Published On: Thu, Mar 2nd, 2017

A Fascinating Story of Indonesia: How Hinduism and Buddhism coexist in this Country | News Gram

Indonesia, March 2, 2017: At the Prambanan temple complex near Yogyakarta (locally known as Jogja) in Indonesia, the very famous Ramayana ballet is conducted every night. In Summer the performance takes place in an open-air theatre, but in the cold winters, there are cosy indoor arrangements for the viewers.

The show sets in with the orchestra at the back of the stage, complete with local versions of harmonium and mridangam. Even though it can be hard for a first timer to figure out what to expect, the fascinating performance with over 200 actors in traditional costumes manages to steal hearts.

The performance is marked by dance and movement, with the characters, even the demons seemingly gliding in easy grace- there is no doubt this is a ballet performance. Even without any spoken words, the dramatic and melodic music helps the performance reach for perfection.

The story begins with Lord Rama and Lord Lakshmana leaving for the forest, while a docile Sita is in tow. Viewers will find the story to be a little less traditional; following their path to Lanka and the end of Ravana. All the battle scenes are spectacularly executed, but Lord Hanuman in his white get-up, burning Lanka in utter flair, manages to steal the show.

In the magnificent Prambanan temple complex, the Hindu temples are dedicated to the trinity of Brahma, Vishnu and Shiva provide an insight into the Hinduism out of India that we are not that familiar with. All the shrines were built in the 9th and 10th centuries, which manage to portray the intermingling of Hindu and Buddhist cultures.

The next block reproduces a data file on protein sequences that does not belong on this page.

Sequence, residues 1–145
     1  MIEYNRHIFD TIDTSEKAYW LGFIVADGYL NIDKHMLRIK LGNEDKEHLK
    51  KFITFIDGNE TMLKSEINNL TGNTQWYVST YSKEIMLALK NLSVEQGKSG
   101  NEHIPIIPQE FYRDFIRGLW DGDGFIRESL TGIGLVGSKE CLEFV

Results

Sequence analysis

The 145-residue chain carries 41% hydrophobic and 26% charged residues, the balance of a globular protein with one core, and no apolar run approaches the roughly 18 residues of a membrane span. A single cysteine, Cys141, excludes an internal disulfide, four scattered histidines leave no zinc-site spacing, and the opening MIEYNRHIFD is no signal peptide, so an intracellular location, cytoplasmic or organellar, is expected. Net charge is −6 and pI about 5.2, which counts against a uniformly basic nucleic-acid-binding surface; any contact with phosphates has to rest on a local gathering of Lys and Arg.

Prambanan temple complex, Wikimedia

Prambanan is like a forest of temples, with the tall shrines reaching towards the sky. The complex has almost 200 monuments, but very few of them have managed to defy time, most being destroyed by earthquakes over the centuries. Every temple has a significant character of its own, with intricate carving on pillars and walls, Ramayana being the central idea for most of them.

The Prambanan temples have earned a spot on the list of UNESCO World Heritage Sites. Another highlight of a visit to Prambanan is a visit to the region of Borobudur, the world’s largest Buddhist temple in world’s largest Muslim country.

Borobudur temple is breath-taking. Decorated with over 500 Buddha sculptures and 2,500 relief panels, located on a flat hilltop overlooking the green hills of Java and active volcano Gunung Merapi, Borobudur is a stand-out Buddhist temple for sure.

Believed to have been built around 800 AD, the Borobudur temple has the shape of a stepped pyramid of five square bases, topped by three circular terraces. 72 miniature stupas containing a statue of Buddha encircle each of these. With the stupa peaks broken, many of these sit exposed, even though some of them are barely visible.

Borobudur was abandoned in the 14th century, staying buried under volcanic ash and foliage for hundreds of years. The credit of its discovery in 1814 goes to Stamford Raffles, the British governor of Java. It became a major tourist attraction after UNESCO stepped in for extensive renovation and preservation work.

From an aerial view, the temple resembles a lotus, which is considered holy in Buddhism. According to the stories of the travel guides, this temple was built as an ode to Buddha’s path towards Nirvana. Every carving at every step tells a story of the life of the great Lord.

Even after you leave Yogyakarta, the feeling stays with you. It’s really hard to forget the coexistence of faiths in the corner of Indonesia. It’s even harder to forget how easily a place can feel like home, a destination can feel so close to heart.

– prepared by Durba Mandal of NewsGram. Twitter: @dubumerang

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